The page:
• In December of 2005, the London Stock Exchange rejected a 1.6 billion Euro takeover offered from the Macquarie Bank. Shortly after this rejection, the London Stock Exchange received an unsolicited offer from NASDAQ, which valued the London Stock Exchange at approximately 2.4 billion Euros. This offer (and additional offers by NASDAQ in the upcoming years), although significantly higher, was rejected yet again. That being said, a few weeks after the second rejection for a purchase, the London Stock Exchange’s largest investor sold 35.4 million shares at 11.75 pounds per share to Ameriprise Financial. NASDAQ also purchased a large chunk of the London Stock Exchange following this transaction; the London Stock Exchange was always a target for purchase in order to limit the Exchange’s strategic flexibility. 
• In February of 2011, the London Stock Exchange announced that they had agreed in principal to merge with the TMX group—the parent company of the Toronto Stock Exchange. This proposed deal would create an entity with a market capitalization of listed companies equal to nearly 4 trillion U.S. Dollars.
Hours of Operation and Products offered by the London Stock Exchange:
• The London Stock Exchange has four primary areas: Equity Markets, Trading Services, Information Services and Derivatives. The London Stock Exchange’s normal trading hours are from 8:00 am to 4:30 pm every day of the week except holidays and weekends declared by the Exchange in advance. As of December of 2010, the London Stock Exchange is home to 2,713 companies.

Toronto Stock Exchange: Brief Overview

Toronto Stock Exchange: Brief Overview

What is the Toronto Stock Exchange?


• The Toronto Stock Exchange, based on market capitalization, is the largest stock exchange in Canada, the third largest in North America and the seventh largest in the world. The Toronto Stock Exchange is owned by the TMX Group; the exchange is operated as a subsidiary of the company.
• The Toronto Stock Exchange is home to a number of companies from Canada, the United States, Europe and other nations throughout the world. In addition to conventional stock listings, the Exchange features a number of exchange traded funds, investment trusts, investment funds and split share corporations. Furthermore, the Toronto Stock Exchange is regarded as the global leader in the mining, oil and gas sector—more mining and oil & gas companies are listed on the Toronto Stock Exchange than on any other market in the world. 
Brief History of the Toronto Stock Exchange:
• The Toronto Stock Exchange was informally created on October 25, 1861, when twenty-four business men gathered at Masonic Hall to officially create a marketplace, where they can buy and sell rights to corporations. When the meeting place grew in size, the exchange was formally incorporated by the Legislative Assembly of Ontario in 1878.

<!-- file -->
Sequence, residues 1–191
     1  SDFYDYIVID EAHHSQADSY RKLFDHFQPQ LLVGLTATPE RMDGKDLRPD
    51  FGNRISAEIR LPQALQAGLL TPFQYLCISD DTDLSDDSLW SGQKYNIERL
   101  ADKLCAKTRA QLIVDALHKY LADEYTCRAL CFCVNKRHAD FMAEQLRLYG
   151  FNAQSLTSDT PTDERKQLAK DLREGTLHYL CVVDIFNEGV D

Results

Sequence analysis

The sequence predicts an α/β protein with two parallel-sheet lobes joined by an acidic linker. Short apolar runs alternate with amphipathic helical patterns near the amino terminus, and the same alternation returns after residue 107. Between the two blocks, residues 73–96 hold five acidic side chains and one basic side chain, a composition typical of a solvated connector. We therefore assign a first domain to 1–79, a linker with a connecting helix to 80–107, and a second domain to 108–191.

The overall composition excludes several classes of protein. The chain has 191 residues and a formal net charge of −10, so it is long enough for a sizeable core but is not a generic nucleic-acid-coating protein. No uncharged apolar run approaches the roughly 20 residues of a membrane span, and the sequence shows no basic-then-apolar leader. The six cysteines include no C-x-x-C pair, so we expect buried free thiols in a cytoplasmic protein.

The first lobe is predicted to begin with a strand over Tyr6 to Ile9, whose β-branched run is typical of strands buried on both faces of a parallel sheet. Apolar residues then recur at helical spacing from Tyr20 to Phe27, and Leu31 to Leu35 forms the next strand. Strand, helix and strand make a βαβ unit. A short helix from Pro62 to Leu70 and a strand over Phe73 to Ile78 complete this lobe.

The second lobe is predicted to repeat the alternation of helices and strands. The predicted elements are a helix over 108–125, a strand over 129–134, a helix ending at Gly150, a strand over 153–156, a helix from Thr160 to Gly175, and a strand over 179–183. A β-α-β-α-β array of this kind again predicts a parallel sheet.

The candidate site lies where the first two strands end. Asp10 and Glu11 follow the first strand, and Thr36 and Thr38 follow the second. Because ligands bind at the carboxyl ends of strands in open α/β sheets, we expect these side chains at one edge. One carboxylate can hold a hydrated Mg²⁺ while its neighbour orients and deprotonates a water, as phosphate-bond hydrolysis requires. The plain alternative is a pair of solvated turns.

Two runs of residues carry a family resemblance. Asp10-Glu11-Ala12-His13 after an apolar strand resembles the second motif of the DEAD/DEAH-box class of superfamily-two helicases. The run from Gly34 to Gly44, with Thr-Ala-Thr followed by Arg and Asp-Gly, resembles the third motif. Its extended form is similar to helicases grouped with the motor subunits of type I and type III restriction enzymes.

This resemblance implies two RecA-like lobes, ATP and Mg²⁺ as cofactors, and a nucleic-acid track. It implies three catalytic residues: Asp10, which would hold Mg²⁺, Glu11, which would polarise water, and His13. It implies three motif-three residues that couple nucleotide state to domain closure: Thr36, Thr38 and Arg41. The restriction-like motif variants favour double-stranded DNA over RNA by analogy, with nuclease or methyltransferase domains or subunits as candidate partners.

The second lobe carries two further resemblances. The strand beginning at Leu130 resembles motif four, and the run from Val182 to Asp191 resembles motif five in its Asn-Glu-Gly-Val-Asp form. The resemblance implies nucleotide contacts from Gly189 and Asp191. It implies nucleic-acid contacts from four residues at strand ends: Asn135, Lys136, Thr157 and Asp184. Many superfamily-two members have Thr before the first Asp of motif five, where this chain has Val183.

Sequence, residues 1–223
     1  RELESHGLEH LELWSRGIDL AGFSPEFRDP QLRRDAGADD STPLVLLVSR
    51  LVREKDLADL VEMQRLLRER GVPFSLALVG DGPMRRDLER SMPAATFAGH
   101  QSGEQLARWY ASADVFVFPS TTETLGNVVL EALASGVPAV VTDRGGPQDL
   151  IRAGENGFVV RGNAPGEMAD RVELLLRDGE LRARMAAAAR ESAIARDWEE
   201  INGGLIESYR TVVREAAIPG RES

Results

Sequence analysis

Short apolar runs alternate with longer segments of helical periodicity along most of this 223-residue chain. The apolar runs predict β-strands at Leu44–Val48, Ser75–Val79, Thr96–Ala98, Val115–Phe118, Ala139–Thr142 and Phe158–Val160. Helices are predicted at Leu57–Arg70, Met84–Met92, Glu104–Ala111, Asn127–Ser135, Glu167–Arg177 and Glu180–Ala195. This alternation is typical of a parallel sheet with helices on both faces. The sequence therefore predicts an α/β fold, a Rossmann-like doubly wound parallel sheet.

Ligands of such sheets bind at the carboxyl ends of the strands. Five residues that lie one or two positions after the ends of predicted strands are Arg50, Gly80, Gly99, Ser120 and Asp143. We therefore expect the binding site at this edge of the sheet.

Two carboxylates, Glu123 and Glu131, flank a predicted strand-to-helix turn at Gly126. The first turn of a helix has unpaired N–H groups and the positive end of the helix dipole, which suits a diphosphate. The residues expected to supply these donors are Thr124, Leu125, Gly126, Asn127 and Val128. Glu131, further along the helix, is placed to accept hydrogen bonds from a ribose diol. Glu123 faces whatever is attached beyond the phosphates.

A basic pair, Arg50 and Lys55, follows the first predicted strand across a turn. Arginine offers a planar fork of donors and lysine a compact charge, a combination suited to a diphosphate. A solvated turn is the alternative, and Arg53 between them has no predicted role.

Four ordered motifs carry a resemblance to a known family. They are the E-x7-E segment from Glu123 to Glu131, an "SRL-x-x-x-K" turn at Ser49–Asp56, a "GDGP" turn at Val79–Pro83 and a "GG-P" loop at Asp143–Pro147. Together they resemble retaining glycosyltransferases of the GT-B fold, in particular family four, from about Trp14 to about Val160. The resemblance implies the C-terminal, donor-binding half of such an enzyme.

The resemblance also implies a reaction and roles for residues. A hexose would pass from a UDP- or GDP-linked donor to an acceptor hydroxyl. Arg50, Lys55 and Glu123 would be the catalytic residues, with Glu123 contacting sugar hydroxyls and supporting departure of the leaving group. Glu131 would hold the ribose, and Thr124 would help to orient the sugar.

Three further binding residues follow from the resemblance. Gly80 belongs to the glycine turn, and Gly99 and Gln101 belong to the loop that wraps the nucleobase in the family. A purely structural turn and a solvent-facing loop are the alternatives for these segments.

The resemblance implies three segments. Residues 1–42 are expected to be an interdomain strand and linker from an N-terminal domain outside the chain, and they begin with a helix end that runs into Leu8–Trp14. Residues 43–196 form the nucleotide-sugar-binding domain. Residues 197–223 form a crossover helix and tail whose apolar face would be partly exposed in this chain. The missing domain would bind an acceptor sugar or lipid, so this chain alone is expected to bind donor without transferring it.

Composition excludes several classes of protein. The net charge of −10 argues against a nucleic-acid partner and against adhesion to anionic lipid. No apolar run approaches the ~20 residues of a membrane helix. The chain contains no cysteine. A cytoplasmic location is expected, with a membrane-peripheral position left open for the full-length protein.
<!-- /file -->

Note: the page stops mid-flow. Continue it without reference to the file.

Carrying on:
• Following government recognition, the Toronto Stock Exchange exponentially grew in size and the number of shares traded. In 1934, the Exchange merged with the Standard Stock and Mining Exchange—a key competitor. The merger kept the name, the Toronto Stock Exchange, and an automated trading system was incorporated, to be used for the quotation of poorly liquid equities, in 1977. Once the Toronto Stock Exchange incorporated CATS (Computer Assisted Trading System) the market shut down its trading floor, making the Toronto Stock Exchange the second largest stock exchange on the continent to operate solely in a virtual trading environment. 
• In 2000, the Toronto Stock Exchange officially became a for-profit company; 11 years later, in February of 2011, the London Stock Exchange merged with the TMX Group to create a combined entity that featured a market capitalization of nearly $6 trillion dollars. This deal; however, has not been finalized as numerous rivals are offering bids in hopes of blocking the merger. 
Hours of Operation and Companies Listed:
• The Toronto Stock Exchange operates under a normal trading session from 9:30 am to 4:00 pm ET; the market has post-market trading sessions that go from 4:15 pm to 5:00 pm ET on all days of the week except weekends and holidays declared by the Exchange. 
• As of January of 2011, the Toronto Stock Exchange has 1,498 companies listed with a combined market capitalization of over $2 trillion dollars. The Toronto Stock Exchange lists all of Canada’s premiere commercial banks, including the Bank of Montreal, Bank of Nova Scotia, Royal Bank of Canada, the Toronto-Dominion Bank and CIBC. In addition to financials, the Toronto Stock Exchange lists a number of primary energy companies including: Husky Energy Inc., the Cameco Corporation, Canadian Natural Resources Ltd, Canadian Oil Sands Trust and the EnCana Corporation. 

Guide to the Nikkei 225

Guide to the Nikkei 225

What is the Nikkei 225?

• The Nikkei 225, more commonly referred to as simply the Nikkei, is a popular stock market index for the Tokyo Stock Exchange. The Nikkei 225 has been calculated by a large newspaper in Tokyo since 1950; it is a price-weighted average that is made up of various components, which are computed annually.  Like the Dow Jon Industrial Average in the United States, the Nikkei is a composite index that is regarded as the most widely quoted average of Japanese equities. As an index, the Nikkei is used to gauge the markets strength, by placing some of the larger or more dominant industry leaders within the index.